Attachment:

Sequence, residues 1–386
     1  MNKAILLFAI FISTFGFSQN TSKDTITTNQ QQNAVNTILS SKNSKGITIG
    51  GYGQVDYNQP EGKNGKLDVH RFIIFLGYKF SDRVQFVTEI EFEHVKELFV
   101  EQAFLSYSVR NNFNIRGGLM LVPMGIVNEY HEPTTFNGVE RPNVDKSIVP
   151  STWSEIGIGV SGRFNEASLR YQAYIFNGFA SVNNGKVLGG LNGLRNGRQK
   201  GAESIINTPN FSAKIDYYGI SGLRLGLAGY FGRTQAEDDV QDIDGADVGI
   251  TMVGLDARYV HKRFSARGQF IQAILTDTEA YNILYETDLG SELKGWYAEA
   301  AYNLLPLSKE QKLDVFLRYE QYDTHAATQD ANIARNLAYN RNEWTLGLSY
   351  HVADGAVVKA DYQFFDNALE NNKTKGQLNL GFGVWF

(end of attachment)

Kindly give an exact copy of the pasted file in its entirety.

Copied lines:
Sequence, residues 1–386
     1  MNKAILLFAI FISTFGFSQN TSKDTITTNQ QQNAVNTILS SKNSKGITIG
    51  GYGQVDYNQP EGKNGKLDVH RFIIFLGYKF SDRVQFVTEI EFEHVKELFV
   101  EQAFLSYSVR NNFNIRGGLM LVPMGIVNEY HEPTTFNGVE RPNVDKSIVP
   151  STWSEIGIGV SGRFNEASLR YQAYIFNGFA SVNNGKVLGG LNGLRNGRQK
   201  GAESIINTPN FSAKIDYYGI SGLRLGLAGY FGRTQAEDDV QDIDGADVGI
   251  TMVGLDARYV HKRFSARGQF IQAILTDTEA YNILYETDLG SELKGWYAEA
   301  AYNLLPLSKE QKLDVFLRYE QYDTHAATQD ANIARNLAYN RNEWTLGLSY
   351  HVADGAVVKA DYQFFDNALE NNKTKGQLNL GFGVWF